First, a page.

Community Food and Health (Scotland) or CFHS aims to ensure that everyone in Scotland has the opportunity, ability and confidence to access a healthy and acceptable diet for themselves, their families and their communities. We do this by supporting work with and within low-income communities that addresses health inequalities and barriers (availability, affordability, skills and culture) to healthy and affordable food.

Through our work we aim to support communities to identify these barriers; develop local responses to addressing the barriers; and highlight where actions at other levels, or in other sectors, are required.

We value the experience, understanding, skills and knowledge within Scotland’s community food initiatives and their unique contribution to developing and delivering policy and practice at all levels.

Latest CFHS updates

Hear Say – Registration for our annual networking conference is now open!

Registration is now open for our free annual networking conference, which will take place on 24 October at the Carnegie Conference Centre, Dunfermline. 10am to 3.30pm. You can look forward to hearing what community organisations, researchers and policy makers have to say about evidence and their experience at our popular annual networking event for volunteers, …

Hear Say

The CFHS annual networking conference will take place on Wednesday 24 October at the Carnegie Conference Centre in Dunfermline. Planning is going well for this latest event, with speakers confirmed and workshop contributions taking shape.  Our focus this year is on taking advantage of local evidence and experience to inform the development of policy and …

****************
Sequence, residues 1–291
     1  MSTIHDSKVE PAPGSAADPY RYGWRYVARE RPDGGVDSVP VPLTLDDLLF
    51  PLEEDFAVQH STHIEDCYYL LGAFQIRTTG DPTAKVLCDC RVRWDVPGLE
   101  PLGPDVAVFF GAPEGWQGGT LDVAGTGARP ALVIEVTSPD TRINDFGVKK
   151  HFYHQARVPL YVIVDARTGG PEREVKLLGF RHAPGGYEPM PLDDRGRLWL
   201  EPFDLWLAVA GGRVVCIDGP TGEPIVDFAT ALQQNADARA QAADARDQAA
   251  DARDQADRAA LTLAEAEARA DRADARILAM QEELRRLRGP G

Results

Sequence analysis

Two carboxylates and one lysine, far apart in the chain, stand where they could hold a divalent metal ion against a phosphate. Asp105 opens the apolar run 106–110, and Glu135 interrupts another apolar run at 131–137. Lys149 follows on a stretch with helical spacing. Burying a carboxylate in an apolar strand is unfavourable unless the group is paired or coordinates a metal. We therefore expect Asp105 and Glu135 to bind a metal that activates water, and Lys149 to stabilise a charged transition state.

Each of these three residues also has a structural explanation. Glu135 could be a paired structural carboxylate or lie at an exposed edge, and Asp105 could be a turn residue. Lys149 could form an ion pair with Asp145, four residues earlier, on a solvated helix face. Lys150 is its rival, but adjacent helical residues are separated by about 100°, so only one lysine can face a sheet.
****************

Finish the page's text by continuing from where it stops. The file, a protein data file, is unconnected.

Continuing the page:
Matter of fact

With the latest Scottish Health Survey results due to include data from the three new food insecurity questions and research work ongoing across the UK, CFHS is delighted to be offering the latest opportunity for researchers, practitioners and policy makers to come together to digest the latest information and explore future opportunities. Working alongside A …

CFHS blog – Bad mood soup: a personal take on how you feel affects what you cook

‘… and maybe that dish isn’t identical the next time you make it, as you use your emotions when you cook …’ Neil Forbes, Chef (from twitter) One of my friends thinks I’m a great cook. I’m not really – average at best. I can do the basics – and I have perfected things that …

Cooking skills blog: Cooking skills research – Reasons to be cheerful, part one

Earlier this year, around 50 people, many who run or manage cooking skills activities came together to hear evidence about the impact of community cooking activities. They heard from Professor Martin Caraher (City, University of London) and Dr Ada Garcia (University of Glasgow). Lyndsay Clark (Fife Health & Social Care Partnership) and I discussed the …

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